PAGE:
Photo: More than 35,000 rural households in Kenya will soon be eating better and earning more money thanks to a new financial agreement signed by the IFAD and Kenya in support of the country’s aquaculture sector. Credit: IFAD - Photo: 2018

Stories Behind IFAD’s Focus on Africa

By Kwame Buist

ROME (IDN) – In its recently released Annual Report 2017, the Rome-based International Fund for Agricultural Development (IFAD) – a specialised agency of the United Nations dedicated to eradicating poverty and hunger in rural areas of developing countries – promises to leverage core resources of 1.2 billion dollars to fund a programme of loans and grants totalling 3.5 billion dollars over the 2019-2021 period.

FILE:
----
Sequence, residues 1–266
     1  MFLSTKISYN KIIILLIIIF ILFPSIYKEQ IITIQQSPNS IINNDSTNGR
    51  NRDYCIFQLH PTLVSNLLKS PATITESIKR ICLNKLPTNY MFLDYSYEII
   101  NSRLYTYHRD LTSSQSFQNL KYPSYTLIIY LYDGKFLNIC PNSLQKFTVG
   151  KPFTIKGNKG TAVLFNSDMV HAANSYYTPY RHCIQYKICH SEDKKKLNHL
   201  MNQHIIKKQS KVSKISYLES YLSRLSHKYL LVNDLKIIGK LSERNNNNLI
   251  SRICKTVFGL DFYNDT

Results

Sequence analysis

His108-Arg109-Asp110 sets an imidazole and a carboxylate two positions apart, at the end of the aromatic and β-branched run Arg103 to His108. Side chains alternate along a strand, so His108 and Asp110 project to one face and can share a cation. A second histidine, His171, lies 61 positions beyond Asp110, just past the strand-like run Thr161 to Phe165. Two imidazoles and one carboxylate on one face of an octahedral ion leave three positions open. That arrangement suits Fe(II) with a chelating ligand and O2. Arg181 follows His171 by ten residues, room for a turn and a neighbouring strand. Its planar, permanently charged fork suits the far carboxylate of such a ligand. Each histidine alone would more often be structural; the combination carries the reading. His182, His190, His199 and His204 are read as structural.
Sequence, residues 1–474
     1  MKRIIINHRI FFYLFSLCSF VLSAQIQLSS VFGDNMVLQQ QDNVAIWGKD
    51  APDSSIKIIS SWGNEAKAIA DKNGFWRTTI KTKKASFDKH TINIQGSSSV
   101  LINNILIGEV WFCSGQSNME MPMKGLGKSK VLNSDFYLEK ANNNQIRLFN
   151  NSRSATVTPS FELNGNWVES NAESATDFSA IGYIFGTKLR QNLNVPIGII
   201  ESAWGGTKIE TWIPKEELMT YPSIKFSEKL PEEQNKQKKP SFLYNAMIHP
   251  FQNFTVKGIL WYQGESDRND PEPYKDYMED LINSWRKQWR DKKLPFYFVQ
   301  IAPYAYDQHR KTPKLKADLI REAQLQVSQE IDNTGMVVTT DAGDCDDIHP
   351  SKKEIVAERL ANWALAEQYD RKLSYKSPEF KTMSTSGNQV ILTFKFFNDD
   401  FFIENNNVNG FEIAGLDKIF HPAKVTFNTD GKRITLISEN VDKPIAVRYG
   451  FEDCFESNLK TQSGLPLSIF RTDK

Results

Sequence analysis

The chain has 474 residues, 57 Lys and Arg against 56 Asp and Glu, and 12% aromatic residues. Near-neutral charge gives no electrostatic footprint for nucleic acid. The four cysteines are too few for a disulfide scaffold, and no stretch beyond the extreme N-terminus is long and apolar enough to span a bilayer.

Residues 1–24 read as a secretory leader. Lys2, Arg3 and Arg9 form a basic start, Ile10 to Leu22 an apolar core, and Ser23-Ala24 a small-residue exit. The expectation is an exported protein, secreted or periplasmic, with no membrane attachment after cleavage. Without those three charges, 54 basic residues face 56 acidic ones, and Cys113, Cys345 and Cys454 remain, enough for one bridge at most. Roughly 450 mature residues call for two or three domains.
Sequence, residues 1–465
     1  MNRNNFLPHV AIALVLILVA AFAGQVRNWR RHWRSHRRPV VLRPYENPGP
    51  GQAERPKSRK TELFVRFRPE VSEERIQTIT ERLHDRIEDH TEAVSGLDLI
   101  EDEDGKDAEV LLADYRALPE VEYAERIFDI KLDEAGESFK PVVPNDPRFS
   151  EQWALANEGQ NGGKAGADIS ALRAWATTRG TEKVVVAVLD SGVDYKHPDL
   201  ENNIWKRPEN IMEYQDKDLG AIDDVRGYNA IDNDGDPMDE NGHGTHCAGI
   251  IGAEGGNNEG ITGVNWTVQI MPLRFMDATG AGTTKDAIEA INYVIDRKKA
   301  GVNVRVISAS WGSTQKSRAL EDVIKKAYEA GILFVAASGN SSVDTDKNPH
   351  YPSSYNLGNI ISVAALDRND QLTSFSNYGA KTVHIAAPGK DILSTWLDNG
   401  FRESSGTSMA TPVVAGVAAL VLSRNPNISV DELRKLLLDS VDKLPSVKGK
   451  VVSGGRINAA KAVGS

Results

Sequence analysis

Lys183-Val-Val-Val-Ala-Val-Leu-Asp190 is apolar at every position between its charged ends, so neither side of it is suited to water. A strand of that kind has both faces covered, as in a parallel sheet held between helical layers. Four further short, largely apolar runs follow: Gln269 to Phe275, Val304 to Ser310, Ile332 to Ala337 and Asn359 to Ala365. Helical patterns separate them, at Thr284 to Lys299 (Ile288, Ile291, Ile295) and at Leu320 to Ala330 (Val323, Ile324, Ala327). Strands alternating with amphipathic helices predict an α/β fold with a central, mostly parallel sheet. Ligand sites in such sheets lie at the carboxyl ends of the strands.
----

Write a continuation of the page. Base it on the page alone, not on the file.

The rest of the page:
Ninety percent of these core resources will be allocated to low-income and lower-middle-income countries, with about 45 percent being channelled to sub-Saharan Africa, and 50 percent to Africa as a whole.

Many African countries are already benefiting from IFAD support against the backdrop of a development landscape that is changing in the face of huge challenges including rising numbers of hungry people, the intensifying effects of climate change, mass migration and growing economic inequality – all threatening the lives and livelihoods of the world’s most vulnerable women and men.

In Kenya, IFAD is partnering with the European Union and the Kenyan government to build farmers’ agribusinesses.

It is working with farmers in Kenya to help them to cope with the protracted drought while increasing their production and building resilience to climate change. The drought is affecting countries across the Horn of Africa and entered its third year in 2017. Kenya declared it a national disaster in February.